There’s a gigantic white bear lying smack in the middle of Melissa Etheridge’s living room, but the petite singer seems oblivious to everything but the snapshot in her hand. “Here it is,” says Etheridge. “Isn’t she gorgeous?”
Etheridge isn’t talking about her partner, filmmaker Julie Cypher, or looking at that famous, steamy photo of the couple nude. This time she’s showing off baby pictures—of their 2-year-old daughter, Bailey, and their 6-month-old son, Beckett. At home, surrounded by a jumble of stuffed animals, blocks, and crayons, Etheridge seems happier than ever, a woman in love.
Since 1993 the Grammy-winning singer and songwriter, with her sold-out tours, best-selling albums, and screaming fans, has been making headlines as a genuine rock-and-roll heroine—and a dedicated activist to boot, most recently flying her rainbow colors as the narrator of the new documentary After Stonewall. Now the woman who came out at President Clinton’s inaugural celebration is boldly entering new territory as she promotes gay and lesbian family values.
While lesbian and gay parenting has become a cutting-edge issue in the 1990s, for Etheridge it’s the personal side of raising children that’s truly changed her life. Warm and direct, with tousled hair and a friendly smile, she’s as unpretentious as the mom next door—with a more powerful voice than ever.
So, congratulations! What’s it like having a new baby again? Well, we just went from one to the other, so it wasn’t that huge of a change. But it’s great! We’re so much more relaxed this time; we’re not up listening to every single breath he takes.
Does that mean you two are actually getting some sleep? Well, I sleep a little bit more. Julie’s still breast-feeding, so she’s up during the night. Beckett’s a big boy, and he eats a lot.
And how’s Bailey adjusting? The first month she was like, “Hold me. What are you doing holding him?” Now, five months later, she’s way into it. The routine’s up in the morning, a little bit of Sesame Street, a little breakfast, then off and playing. I’ll go into my office and work and do stuff, and Julie will write in her office. Plus we have a little bit of help on weekdays.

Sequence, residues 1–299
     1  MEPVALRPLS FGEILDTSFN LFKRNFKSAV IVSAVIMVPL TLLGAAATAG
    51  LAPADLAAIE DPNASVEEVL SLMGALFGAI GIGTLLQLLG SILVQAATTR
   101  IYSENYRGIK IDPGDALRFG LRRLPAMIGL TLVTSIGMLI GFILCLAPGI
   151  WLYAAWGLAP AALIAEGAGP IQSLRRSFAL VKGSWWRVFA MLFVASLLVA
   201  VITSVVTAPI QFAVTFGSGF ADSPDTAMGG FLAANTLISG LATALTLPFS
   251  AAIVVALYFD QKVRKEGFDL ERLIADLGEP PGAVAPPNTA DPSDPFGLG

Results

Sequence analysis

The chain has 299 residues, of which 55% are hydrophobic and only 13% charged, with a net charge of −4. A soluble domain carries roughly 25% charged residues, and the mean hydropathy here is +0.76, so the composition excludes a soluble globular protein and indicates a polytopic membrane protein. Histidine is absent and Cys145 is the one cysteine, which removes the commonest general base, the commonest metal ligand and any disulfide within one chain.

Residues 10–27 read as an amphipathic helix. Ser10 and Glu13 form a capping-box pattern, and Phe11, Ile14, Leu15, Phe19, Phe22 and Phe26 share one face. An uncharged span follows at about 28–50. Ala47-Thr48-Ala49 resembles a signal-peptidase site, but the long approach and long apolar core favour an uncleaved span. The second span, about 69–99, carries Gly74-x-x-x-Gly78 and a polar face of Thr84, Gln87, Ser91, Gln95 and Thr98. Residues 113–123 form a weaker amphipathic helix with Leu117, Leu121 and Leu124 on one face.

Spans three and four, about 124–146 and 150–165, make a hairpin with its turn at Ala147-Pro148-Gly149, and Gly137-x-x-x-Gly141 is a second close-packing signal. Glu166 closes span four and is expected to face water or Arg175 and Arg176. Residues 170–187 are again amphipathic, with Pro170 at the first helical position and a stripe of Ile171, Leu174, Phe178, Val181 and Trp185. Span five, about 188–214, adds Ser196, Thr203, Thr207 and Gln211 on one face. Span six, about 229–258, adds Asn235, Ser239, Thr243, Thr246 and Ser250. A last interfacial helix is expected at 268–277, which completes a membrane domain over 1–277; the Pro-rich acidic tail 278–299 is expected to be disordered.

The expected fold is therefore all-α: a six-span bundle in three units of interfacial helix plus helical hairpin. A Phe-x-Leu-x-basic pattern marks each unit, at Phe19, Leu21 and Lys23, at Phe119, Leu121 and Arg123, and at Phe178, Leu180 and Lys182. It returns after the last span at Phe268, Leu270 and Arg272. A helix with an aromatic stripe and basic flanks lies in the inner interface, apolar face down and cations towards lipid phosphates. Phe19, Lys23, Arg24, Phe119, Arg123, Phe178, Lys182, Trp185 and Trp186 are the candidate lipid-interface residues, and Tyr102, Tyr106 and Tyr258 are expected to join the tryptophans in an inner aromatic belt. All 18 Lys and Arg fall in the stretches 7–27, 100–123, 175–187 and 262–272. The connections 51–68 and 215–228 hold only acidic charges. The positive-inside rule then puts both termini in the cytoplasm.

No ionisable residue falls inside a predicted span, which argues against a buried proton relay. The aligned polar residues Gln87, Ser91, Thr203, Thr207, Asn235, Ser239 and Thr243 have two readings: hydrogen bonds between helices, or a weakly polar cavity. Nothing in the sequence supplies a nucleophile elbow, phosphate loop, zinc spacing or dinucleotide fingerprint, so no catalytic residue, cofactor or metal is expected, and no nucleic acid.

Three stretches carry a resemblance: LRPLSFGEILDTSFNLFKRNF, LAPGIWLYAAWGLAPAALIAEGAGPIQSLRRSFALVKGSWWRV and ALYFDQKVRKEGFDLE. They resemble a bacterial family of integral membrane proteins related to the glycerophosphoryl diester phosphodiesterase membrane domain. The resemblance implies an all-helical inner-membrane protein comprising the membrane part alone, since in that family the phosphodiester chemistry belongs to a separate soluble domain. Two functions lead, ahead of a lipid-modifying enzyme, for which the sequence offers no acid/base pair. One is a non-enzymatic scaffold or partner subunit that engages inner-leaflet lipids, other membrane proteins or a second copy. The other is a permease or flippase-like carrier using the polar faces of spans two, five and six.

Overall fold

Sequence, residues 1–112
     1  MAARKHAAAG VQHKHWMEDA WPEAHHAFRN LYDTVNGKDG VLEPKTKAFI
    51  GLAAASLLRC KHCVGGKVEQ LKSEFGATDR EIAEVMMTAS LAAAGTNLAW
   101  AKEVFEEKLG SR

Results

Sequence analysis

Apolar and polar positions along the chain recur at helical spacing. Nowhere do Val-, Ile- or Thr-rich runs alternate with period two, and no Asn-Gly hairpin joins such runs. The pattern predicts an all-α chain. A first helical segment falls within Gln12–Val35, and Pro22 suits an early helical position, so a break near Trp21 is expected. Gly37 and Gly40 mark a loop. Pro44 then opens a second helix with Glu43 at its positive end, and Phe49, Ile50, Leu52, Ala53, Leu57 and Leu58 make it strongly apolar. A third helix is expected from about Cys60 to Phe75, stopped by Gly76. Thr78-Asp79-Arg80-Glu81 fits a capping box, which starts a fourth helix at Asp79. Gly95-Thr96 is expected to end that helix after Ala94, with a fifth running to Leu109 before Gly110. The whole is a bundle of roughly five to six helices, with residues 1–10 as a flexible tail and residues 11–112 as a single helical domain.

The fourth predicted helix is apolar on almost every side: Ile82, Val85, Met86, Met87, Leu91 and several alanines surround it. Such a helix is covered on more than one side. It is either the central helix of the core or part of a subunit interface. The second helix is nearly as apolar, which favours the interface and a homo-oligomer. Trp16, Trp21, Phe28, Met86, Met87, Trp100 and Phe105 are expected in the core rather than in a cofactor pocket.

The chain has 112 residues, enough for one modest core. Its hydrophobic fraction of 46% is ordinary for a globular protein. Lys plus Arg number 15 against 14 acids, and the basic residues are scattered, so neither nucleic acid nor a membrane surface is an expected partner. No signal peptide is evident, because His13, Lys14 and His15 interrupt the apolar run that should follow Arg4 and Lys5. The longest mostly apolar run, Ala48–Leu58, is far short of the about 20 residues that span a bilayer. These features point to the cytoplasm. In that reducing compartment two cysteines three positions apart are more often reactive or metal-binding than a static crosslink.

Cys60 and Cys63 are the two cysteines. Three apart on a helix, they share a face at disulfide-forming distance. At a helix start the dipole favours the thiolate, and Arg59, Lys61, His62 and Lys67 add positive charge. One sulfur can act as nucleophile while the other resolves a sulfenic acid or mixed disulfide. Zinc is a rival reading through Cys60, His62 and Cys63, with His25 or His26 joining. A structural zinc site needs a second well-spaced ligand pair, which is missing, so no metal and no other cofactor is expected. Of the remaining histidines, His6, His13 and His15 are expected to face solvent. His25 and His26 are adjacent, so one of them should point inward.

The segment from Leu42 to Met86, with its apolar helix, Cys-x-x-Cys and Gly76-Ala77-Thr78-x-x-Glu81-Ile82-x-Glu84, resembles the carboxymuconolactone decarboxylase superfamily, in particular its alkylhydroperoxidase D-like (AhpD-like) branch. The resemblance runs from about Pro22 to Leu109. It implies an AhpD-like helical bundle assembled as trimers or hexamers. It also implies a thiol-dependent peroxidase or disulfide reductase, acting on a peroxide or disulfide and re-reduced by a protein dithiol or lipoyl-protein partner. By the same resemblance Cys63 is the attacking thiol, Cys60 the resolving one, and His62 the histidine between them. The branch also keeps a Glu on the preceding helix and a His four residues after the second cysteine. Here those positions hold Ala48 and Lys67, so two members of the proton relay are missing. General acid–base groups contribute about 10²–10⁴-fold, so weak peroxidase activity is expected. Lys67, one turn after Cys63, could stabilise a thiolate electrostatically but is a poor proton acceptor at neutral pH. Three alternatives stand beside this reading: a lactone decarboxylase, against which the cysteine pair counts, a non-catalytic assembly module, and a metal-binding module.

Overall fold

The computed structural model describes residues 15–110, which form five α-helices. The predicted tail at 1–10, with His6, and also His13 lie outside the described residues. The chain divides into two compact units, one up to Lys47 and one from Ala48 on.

So it doesn’t seem like total bedlam most of the time? No, no, it’s great. And you know, I’m a sucker. If Bailey wants me to come look at the tea party she set up with the Beanie Babies, I’m right in there.
Since it’s frequently much more interesting than what grown-ups do. Exactly. “Gee, I must tear myself away from the business phone call. How sad.”
Has parenting changed you? The whole idea of having a child has made me much more of an activist, more concerned about the world. I mean, I used to be concerned, but it was sort of finite. Now I want the world to be better—perfect—because my children are going to be here after me. Things mean more. Things matter.
Do you ever catch yourself being your mother or sounding exactly like your dad? Yeah, well, I catch myself.… Having children makes me understand more about my mother. It also makes me angrier about the things my parents didn’t do. It’s just so important to me to tell my daughter that I’m an emotional person, that we all are. Whereas when I was growing up, it was, “Don’t cry, don’t cry. Everything’s OK. Don’t be angry. None of us are angry.”
Kids are so perceptive. They’ll notice that, Hmm, Mom’s angry, and she’s not saying anything and stuffing it down, so I think that’s what I’m supposed to do. They just imprint it, and off they go.
So now I say to Bailey, “I understand you’re angry; there’s nothing wrong with that. You just can’t hit the dog.”